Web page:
Struggling Lakers show there's a lack of toughness in Tinseltown
The Lakers lived up to Kendrick Perkins' billing by playing soft in their 120-106 loss
The Thunder bullied the Lakers in the fourth, outworking the defending champions
Los Angeles suffered a similar collapse at the end of 2009-10, before winning it all
LOS ANGELES -- The Lakers showed Kendrick Perkins, all right.
The bitter big man had called Pau Gasol soft leading up to this Lakers-Thunder affair, sparking a chorus of indignation from the two-time defending champions whose resolve has been mighty for so long now. You knock one, you knock them all, and so they promised to deliver a reminder full of grit and gusto come tip-off time.
There was none of that when it mattered most Sunday night at Staples Center, where the Lakers lost their fifth straight game for the first time in more than four years and made it official that they've lost their way in the grander sense as well. Oklahoma City's 120-106 win came down to a stunning final stretch, with the Thunder scoring 17 points to L.A.'s two in the last three minutes, 10 seconds while bewilderment washed over the Lakers and their disapproving home crowd.
Now, remarkably, Kobe Bryant and Co. find themselves tied with Dallas for the second seed in the Western Conference, although they hold the tiebreaker against the Mavericks as division winners. Only Tuesday's home game against San Antonio and a Wednesday game at Sacramento remain, with the fourth-place Thunder just one game behind them as well.
"I'm surprised," Lakers coach Phil Jackson said. "We were complacent I think a little bit."
A question of rising pressure was then posed.
"Yes," Jackson agreed. "I don't know [the impact]. It's just what you're doing now. The measure of success is what you've just recently accomplished. It's not what you accomplished in the past or what you did post-All-Star break. Right now, we're back in the middle of the pack playing basketball."
This is their new way, apparently, an entirely different version than the one that started 17-1 after the break. No fight, unless you count the occasional Ron Artest elbow or always-reliable Kobe surge. And no fear among their opponents, who have been sniffing more blood with every recent defeat.
Losses to Denver, Utah, Golden State and Portland were about offensive breakdowns, with the Lakers averaging just 87 points in that stretch and the message consistent that the line would be walked between urgency and panic. This was something different, with the Thunder giving the Lakers a powerful preview of what these playoffs will hold despite the scoring woes being temporarily fixed.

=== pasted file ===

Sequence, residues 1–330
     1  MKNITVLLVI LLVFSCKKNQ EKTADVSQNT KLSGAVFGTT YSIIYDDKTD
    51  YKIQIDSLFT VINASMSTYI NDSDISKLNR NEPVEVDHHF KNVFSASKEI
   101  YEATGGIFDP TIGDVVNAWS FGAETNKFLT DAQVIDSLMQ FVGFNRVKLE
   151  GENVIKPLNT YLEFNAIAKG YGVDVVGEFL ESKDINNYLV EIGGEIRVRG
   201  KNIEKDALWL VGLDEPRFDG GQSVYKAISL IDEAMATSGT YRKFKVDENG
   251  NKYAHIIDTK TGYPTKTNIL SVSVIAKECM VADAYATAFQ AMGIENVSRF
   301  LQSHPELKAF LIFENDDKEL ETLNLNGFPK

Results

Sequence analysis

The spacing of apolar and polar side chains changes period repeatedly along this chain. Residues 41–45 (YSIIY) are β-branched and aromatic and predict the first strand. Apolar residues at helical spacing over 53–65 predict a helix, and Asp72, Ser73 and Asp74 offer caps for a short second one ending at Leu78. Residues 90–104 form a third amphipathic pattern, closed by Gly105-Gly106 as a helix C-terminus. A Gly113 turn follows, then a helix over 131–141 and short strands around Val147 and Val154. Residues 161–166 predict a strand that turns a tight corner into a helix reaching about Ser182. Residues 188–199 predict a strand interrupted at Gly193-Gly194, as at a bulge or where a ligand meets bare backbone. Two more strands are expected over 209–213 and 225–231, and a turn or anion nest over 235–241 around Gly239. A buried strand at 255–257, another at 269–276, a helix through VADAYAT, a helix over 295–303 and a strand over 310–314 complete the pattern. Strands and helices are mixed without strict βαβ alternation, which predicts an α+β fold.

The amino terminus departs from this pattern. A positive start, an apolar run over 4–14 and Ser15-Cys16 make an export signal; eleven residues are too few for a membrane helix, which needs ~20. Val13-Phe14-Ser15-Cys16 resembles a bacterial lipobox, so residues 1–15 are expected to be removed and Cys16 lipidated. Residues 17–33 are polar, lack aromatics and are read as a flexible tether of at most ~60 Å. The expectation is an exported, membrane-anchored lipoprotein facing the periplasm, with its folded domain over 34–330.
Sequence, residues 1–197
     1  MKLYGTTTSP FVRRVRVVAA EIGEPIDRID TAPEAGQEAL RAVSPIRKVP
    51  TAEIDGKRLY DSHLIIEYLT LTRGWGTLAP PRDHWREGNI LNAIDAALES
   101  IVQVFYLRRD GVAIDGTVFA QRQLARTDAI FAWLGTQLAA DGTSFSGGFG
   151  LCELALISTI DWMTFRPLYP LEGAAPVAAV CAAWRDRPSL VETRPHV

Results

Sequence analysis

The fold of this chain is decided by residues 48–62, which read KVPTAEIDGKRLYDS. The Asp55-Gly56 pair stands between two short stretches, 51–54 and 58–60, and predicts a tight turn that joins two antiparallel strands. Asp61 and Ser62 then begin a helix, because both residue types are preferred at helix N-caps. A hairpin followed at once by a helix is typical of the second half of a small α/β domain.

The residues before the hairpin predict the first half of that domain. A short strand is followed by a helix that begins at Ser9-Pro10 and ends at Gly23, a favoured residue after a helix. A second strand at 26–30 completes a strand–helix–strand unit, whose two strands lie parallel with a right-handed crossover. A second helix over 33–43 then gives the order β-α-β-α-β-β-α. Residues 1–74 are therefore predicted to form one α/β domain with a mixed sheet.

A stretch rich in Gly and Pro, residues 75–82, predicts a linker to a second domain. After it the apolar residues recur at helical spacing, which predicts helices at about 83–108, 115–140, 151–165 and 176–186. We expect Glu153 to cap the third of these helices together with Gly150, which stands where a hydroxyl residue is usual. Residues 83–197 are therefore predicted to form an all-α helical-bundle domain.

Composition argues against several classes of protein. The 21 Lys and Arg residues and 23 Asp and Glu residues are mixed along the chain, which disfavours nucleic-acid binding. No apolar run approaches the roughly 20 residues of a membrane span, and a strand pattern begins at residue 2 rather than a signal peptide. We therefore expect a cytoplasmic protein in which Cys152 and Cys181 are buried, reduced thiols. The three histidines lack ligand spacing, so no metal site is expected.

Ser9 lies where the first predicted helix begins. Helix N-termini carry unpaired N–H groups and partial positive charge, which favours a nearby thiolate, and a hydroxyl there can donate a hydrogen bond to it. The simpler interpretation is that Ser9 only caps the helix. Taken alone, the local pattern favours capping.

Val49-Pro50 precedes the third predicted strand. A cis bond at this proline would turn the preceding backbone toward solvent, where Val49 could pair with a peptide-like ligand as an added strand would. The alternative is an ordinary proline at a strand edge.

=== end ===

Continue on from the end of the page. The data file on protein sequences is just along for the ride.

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This is no time to look meek if you're the Lakers, not with the league's parity at historical levels. Yet while Russell Westbrook was pounding his chest and grinning at the Lakers' faithful, while Kevin Durant was rolling his eyes at the silly late fouls that only gave the Thunder more time for a celebration, the Lakers did little to shed the tag that Perkins had tried to apply.
Only the basketball gods know if it was sheer coincidence, but the late collapse coincided almost perfectly with Gasol's weakest moments. With less than two minutes remaining, Westbrook ripped the ball from the accused forward's hands on the wing and dashed to the other end of the floor. Gasol, meanwhile, chose to spend those crucial seconds rubbing his elbow and complaining to a nearby official that he had been fouled.
Not long after, a loose ball rolled around in the paint and three bodies hit the floor in pursuit. Gasol's was not one, and the momentum surge that was sparked by the sheer physicality continued as Westbrook hit a driving layup and finished a three-point play. Gasol finished with 26 points, but his four rebounds were added evidence to his shortcomings of grit.
Strangely, the Lakers kept fouling long after the outcome was decided. And the Thunder just kept smiling, soaking up their only win of the season over the team that eliminated them from the first-round playoff series last May.
Perkins, the playoff veteran who was traded from Boston to Oklahoma City in February and thus deemed the playoff difference-maker for the young and upstart Thunder, wasn't the difference-maker in the box score. He finished with just two points, five rebounds and one blocked shot in 29 minutes. But he set the physical tone in the first half, clearly looking to share the hurt he still holds from his injury absence in Game 7 of the NBA Finals.
He had Bryant in a head lock, shared elbows with Artest and added an edge for which the Thunder have not been known. But it was mostly early theater compared to the end.
The final tally of the fourth quarter was a sight to behold: nine Lakers turnovers after they had just one in the first three quarters, and a 32-16 Thunder edge. It was more than enough to make Bryant seethe afterward, when he took nearly an hour before addressing the media. With his feet soaked in ice, he steered clear of his teammates and reporters for the betterment of all involved.
"I got changed, and then went in the training room, and put ice down," said Bryant, whose 31 points matched Durant's total and bested Westbrook's 26. "I didn't want to redecorate the walls in here, so I made the effort to just go in the training room and keep to myself."
Yes, these Lakers have been here before, most recently when they lost seven of their final 11 games in 2009-10 before winning it all yet again. But it's not a blueprint worth following again. The hard way is even harder, of course, when you're playing soft.